Saturday, June 23, 2007

Only the Good Die Young

As I approach one of those milestone birthdays I've started thinking of all the stories still stuck in my skull and whether I'll ever get around to writing and publishing them. Not to depress anyone, but our time on this big, blue marble is finite and as I listened to Billy Joel's Greatest Hits album the other day I was at least encouraged by his song, Only the Good Die Young. I've already passed that "Young" marker, which probably says a lot about me as a Good person.

My mood wasn't improved by the passing of Simba a few weeks back. Simba was a big teddy
bear of a cat who totally fell in love with my wife. Believe it or not, he was a feral when we "rescued" him, had him neutered and added him to the DiGenti herd of cats. It took a while, but he soon became the neediest of them all. Simba followed Evanne around like she left tuna juice in her tracks.

If we were fixing lunch he was underfoot. When we sat on the couch to watch TV in the evening, Simba bulldozed other cats away and claimed the place of honor next to my dear wife. Not only next to her, but all over her. He'd stretch his big body out and push his head against her shoulder, burying it in her neck. And they'd stay like that while we waited for Hiro to save the cheerleader and the world.

It was the same thing when we went to bed. There was this humongous gray tabby purring away, pawing my wife. If I were a jealous man, I'd have dispatched him myself.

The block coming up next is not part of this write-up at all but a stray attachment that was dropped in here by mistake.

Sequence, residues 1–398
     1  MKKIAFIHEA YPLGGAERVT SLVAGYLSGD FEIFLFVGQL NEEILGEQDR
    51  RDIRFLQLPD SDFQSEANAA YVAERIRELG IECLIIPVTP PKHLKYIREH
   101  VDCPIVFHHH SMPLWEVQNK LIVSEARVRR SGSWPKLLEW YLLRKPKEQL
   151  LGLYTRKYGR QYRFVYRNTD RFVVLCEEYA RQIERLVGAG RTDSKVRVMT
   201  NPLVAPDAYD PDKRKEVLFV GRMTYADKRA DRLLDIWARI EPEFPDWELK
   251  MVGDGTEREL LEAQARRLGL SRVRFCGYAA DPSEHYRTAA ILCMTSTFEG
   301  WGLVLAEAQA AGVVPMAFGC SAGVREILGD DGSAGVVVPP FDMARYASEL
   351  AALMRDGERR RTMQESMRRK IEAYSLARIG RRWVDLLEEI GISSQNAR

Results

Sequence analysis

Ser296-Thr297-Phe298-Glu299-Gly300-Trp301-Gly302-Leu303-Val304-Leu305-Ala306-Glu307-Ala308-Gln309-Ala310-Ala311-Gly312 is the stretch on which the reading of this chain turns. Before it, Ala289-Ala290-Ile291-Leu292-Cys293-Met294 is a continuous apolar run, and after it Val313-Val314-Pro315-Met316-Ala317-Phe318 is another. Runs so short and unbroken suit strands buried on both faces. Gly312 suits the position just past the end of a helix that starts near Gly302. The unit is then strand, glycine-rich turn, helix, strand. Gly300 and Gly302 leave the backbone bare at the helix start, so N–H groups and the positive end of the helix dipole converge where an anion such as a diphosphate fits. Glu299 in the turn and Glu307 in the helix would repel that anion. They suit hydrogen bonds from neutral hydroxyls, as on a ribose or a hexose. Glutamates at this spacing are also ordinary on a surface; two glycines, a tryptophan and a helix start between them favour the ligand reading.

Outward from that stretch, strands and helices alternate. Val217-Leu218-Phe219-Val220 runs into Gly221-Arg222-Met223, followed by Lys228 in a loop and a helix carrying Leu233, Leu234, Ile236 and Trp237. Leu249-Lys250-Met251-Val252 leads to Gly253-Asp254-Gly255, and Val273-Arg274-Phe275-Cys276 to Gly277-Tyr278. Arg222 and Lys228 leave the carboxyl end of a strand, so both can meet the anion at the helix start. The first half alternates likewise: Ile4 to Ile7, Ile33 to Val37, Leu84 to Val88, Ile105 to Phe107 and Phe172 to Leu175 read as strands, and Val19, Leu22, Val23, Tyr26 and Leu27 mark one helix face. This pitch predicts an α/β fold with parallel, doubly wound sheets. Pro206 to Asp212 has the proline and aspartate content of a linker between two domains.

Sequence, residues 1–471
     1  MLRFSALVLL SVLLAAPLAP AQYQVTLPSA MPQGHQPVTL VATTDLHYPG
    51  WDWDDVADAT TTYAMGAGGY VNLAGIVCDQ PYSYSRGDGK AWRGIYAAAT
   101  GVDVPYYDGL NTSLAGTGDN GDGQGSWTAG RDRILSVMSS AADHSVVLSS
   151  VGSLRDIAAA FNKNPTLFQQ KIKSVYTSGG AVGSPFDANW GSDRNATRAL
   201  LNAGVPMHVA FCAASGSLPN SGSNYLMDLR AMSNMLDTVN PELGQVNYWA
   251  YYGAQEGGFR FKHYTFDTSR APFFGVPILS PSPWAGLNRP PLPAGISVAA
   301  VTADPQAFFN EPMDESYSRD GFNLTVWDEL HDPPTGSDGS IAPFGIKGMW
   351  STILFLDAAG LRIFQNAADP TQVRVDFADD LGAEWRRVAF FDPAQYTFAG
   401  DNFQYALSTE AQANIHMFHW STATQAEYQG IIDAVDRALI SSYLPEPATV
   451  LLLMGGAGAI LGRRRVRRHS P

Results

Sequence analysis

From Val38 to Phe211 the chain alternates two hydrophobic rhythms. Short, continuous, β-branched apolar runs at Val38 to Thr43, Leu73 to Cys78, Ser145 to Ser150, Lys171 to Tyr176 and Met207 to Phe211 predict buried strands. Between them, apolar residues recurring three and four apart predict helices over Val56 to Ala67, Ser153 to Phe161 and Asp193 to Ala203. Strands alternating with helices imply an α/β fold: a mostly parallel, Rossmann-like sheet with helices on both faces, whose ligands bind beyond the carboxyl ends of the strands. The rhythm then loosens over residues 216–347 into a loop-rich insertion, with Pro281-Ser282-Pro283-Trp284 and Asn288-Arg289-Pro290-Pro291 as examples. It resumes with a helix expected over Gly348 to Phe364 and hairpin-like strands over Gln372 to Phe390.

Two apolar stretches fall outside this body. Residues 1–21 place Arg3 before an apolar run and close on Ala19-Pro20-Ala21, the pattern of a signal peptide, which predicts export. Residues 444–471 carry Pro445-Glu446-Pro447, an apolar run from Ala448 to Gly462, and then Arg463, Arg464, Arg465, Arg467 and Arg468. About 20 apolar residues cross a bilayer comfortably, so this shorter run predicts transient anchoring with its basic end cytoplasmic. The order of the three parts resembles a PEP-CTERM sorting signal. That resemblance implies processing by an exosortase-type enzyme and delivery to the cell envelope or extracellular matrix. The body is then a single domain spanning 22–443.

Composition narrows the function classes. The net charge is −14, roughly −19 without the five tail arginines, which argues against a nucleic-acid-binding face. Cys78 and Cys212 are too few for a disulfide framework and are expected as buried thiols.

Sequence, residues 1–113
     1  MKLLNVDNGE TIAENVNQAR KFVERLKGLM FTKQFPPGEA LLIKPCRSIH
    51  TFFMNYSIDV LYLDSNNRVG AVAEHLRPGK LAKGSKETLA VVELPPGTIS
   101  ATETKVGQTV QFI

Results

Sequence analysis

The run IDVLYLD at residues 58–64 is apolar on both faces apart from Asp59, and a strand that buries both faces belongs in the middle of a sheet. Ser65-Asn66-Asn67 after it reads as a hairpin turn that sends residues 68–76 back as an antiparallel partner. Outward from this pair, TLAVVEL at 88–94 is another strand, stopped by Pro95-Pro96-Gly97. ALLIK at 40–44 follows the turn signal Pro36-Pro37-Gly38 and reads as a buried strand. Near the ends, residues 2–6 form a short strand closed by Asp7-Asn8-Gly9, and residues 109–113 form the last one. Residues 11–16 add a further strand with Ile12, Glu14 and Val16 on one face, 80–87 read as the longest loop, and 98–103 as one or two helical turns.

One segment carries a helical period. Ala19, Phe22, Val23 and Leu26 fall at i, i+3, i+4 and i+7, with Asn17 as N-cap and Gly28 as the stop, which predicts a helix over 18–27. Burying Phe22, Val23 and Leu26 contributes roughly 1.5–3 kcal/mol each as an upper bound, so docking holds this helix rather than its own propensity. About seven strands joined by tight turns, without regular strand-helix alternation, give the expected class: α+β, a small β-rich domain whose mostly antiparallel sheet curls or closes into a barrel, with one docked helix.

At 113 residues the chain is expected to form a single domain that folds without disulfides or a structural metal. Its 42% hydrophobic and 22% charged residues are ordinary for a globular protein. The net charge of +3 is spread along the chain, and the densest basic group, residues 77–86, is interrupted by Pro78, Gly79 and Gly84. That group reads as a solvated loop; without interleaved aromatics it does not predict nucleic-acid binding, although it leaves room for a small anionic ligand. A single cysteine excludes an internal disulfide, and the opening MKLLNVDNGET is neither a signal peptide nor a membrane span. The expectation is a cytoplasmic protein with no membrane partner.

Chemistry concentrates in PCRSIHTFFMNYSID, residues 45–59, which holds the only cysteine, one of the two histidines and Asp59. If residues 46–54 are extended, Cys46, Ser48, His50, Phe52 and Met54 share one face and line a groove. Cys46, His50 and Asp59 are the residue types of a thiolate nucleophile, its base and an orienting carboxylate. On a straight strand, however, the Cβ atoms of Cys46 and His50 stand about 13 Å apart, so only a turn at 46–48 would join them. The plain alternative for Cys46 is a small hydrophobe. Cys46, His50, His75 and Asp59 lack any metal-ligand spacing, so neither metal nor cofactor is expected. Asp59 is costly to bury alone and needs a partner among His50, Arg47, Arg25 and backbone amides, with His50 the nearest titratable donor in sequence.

In the end Simba's big heart betrayed him. We found him fast asleep on the porch, or so it seemed. He had apparently passed quietly away in his sleep, probably while dreaming of my wife. I buried Simba in the backyard and a neighbor brought us a small cherub statue which now marks the site of his grave. Each time I pass that way I give the big guy a nod and swear I hear him purring in reply.

We estimate that Simba was only 6 or 7 years old, probably double the lifespan of a feral cat, but only half the average of an indoor domesticated cat. Still, he had a good life while he was with us and surely added some spice to our household.

If you're following my morbid train of thought you already know where it leads. We never know how much time is allotted to us, and to paraphrase Carl Sandburg who said "Time is the coin of your life," be careful how you spend it. Which brings me back to writing. It's so easy to be distracted from the work of writing. Sometimes when the words aren’t flowing, my mind will drift away and my eyes will track the spindly periwinkles blowing in the breeze outside my office window. Soon I’m fixated on my overgrown lawn and worried what the neighbors must think. The next thing I know I'm outside cranking up the mower.

Or I'll take a quick break from my writing to check my email. Lord knows I've only checked it twelve times already but, hey, you never know when you'll get an important message from the head of the Nigerian Bank wanting to deposit a million dollars in your account as soon as you send him the account number.

As I wrote in my column for the Spring issue of The Florida Writer, "your mind will constantly throw roadblocks in your path if you let it, so keep those blinders on and concentrate on the writing. Taking time out to nibble on chocolate now and then, of course."

That's enough time-talk for now, except for this final quote from the great philosopher, Groucho Marx who said, "Time flies like an Arrow, fruit flies like a banana."

Adios until next time.